New York City’s Largest Solar Plant Replaces World’s Largest Landfill Site

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Written By: Emma Websdale

New York City will turn one of the world’s largest landfill sites into the location for a 10-megawatt (MW) solar power plant producing enough clean energy to power 20,000 homes.
solarpanelfarmThe new 47-acre solar power plant, announced by NYC Mayor Michael Bloomberg on Monday, will be a transformation of Freshkills Park, a Staten Island site that opened more than 5 years ago and soon became the world’s largest landfill.

Once complete, the solar farm will be the largest in the city –five times the size of any other NYC solar power plant. It will increase the city’s renewable energy output by 50%.

Solar company SunEdison, which will lease the land to design, build and operate the facility, will start the year long construction late in 2015. Once online, the plant’s 35,000 high-efficiency solar panels will produce 10 MW of power.

“We’ll be turning something which was a disaster into a benefit for the people of Staten Island, and for the environment”, says James Molinaro, Staten Island Borough President.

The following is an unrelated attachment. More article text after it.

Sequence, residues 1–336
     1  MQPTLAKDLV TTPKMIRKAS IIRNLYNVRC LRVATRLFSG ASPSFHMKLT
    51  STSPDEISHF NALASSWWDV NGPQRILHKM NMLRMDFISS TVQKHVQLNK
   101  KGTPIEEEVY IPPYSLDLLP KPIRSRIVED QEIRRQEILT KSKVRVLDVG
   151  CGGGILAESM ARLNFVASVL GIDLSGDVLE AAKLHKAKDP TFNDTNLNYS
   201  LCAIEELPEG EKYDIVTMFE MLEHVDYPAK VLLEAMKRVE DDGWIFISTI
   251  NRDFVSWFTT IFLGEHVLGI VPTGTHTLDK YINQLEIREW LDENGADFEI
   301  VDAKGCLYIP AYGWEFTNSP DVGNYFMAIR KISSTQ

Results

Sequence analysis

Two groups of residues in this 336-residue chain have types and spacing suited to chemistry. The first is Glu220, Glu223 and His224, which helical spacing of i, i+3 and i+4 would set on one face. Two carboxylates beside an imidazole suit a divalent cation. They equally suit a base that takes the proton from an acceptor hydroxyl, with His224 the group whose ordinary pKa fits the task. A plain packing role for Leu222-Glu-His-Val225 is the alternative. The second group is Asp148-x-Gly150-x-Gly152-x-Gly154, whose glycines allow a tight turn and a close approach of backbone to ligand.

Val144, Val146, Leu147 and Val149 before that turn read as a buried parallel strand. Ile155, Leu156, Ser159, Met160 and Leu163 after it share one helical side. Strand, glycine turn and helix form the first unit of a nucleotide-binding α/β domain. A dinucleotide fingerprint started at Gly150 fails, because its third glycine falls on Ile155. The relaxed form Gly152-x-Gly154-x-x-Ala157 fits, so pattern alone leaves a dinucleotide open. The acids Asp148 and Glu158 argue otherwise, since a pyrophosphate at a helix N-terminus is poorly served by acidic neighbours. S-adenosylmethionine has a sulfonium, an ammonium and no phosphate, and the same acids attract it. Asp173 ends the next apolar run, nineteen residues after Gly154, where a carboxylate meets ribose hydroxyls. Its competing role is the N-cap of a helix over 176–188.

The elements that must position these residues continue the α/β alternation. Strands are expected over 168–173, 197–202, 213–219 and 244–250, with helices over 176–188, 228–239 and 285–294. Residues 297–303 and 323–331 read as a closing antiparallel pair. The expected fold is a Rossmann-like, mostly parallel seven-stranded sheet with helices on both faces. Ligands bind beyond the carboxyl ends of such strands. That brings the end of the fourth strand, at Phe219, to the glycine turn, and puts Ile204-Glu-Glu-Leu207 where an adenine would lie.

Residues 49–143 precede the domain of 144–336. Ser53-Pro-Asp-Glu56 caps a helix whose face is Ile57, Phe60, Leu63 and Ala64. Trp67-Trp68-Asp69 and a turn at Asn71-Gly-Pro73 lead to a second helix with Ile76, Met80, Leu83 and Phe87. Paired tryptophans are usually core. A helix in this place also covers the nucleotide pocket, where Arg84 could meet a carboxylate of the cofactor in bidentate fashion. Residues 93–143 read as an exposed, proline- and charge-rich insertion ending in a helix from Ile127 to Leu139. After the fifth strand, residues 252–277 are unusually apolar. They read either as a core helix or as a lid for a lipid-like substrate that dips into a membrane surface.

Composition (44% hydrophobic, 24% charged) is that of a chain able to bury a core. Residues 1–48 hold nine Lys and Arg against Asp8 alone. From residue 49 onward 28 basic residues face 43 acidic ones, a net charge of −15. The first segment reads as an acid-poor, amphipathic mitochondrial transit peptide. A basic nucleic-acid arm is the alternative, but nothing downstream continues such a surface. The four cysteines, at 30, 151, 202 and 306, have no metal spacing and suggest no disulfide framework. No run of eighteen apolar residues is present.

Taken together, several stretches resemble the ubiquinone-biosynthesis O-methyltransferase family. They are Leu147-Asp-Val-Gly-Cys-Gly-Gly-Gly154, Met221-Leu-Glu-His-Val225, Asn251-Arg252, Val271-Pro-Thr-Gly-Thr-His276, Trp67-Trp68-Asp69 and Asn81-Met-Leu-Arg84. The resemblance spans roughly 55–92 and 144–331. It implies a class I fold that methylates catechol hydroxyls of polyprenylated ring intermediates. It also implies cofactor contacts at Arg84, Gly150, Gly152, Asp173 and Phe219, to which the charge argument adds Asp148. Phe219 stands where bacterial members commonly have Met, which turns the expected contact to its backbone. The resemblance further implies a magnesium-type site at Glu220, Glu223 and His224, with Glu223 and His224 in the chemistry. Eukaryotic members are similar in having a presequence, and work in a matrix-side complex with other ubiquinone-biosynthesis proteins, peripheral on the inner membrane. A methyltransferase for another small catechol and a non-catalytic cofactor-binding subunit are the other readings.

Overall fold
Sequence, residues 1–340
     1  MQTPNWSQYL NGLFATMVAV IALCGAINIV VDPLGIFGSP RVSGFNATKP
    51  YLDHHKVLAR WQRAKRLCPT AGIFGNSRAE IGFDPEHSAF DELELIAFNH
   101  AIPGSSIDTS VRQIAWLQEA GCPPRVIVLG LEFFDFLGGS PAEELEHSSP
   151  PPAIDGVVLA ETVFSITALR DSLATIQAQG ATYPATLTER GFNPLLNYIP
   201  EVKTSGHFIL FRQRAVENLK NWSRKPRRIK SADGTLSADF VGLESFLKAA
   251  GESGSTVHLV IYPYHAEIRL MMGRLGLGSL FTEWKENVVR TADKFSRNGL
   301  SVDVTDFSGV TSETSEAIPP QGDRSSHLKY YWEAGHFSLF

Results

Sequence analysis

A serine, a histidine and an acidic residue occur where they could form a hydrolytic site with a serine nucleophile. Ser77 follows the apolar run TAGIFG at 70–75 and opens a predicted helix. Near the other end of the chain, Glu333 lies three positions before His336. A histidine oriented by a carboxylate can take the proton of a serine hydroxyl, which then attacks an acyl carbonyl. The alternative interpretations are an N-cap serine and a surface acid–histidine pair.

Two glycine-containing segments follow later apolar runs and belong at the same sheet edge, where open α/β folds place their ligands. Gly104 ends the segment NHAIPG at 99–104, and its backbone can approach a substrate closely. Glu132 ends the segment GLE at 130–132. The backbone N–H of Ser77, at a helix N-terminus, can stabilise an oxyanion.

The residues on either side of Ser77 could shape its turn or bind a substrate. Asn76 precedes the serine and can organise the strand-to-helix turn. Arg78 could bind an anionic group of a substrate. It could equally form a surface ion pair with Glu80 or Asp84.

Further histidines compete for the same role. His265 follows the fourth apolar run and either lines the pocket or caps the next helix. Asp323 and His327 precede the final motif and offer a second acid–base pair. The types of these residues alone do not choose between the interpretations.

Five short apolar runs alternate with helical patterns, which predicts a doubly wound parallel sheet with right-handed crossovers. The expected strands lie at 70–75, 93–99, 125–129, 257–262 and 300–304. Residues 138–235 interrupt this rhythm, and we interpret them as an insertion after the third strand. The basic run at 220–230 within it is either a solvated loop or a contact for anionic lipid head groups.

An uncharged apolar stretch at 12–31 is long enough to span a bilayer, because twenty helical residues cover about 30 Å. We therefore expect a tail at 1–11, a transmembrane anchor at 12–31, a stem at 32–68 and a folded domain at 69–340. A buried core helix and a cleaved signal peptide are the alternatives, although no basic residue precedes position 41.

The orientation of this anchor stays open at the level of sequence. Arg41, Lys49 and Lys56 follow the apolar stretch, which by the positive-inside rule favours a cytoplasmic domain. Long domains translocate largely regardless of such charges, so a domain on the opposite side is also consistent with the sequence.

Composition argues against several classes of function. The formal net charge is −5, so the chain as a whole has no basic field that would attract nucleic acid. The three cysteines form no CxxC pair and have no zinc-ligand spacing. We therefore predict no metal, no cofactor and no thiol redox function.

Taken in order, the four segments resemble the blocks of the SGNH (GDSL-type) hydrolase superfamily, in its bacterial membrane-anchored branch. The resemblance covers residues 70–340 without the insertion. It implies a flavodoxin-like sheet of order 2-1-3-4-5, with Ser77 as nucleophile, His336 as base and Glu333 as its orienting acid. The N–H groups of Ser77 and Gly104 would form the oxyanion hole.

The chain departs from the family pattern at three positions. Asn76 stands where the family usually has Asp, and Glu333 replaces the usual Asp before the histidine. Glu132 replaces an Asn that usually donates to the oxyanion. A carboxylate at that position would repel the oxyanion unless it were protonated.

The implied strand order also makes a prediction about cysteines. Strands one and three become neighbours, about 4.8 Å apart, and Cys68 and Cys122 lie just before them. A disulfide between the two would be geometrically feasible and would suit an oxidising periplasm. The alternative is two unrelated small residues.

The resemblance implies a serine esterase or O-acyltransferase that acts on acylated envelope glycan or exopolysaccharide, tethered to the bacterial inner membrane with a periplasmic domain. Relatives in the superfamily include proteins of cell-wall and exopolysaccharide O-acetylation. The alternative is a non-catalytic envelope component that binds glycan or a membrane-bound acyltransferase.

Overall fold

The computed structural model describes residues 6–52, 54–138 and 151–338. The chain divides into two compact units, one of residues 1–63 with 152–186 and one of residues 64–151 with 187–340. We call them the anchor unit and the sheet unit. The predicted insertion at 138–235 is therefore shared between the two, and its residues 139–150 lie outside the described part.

In related news, the Department of Parks and Recreation has announced plans to map out an additional 3,000 acres of the Freshkills site for use as parkland. The proposed park, larger than the entire city of San Francisco, will provide a new venue for public recreation adjacent to the solar-power site.

“Over the last 12 years we’ve restored wetlands and vegetation and opened new parks and soccer fields at the edges of the site”, says Mayor Bloomberg. “Thanks to [this] agreement we will increase the amount of solar energy produced in New York City by 50% and it is only fitting that Freshkills, once a daily dumping ground, will become a showcase [for] urban renewal and sustainability.”

In an ongoing attempt to reduce greenhouse gas emissions, NYC has installed approximately 700 kilowatts (KW) of solar energy to date. The city’s efforts to tackle pollution are starting to pay off. Data from NYC’s Community Air Survey has found that sulphur dioxide levels have dropped in the city by 69% since 2008, and soot pollution levels are 23% lower than in 2007.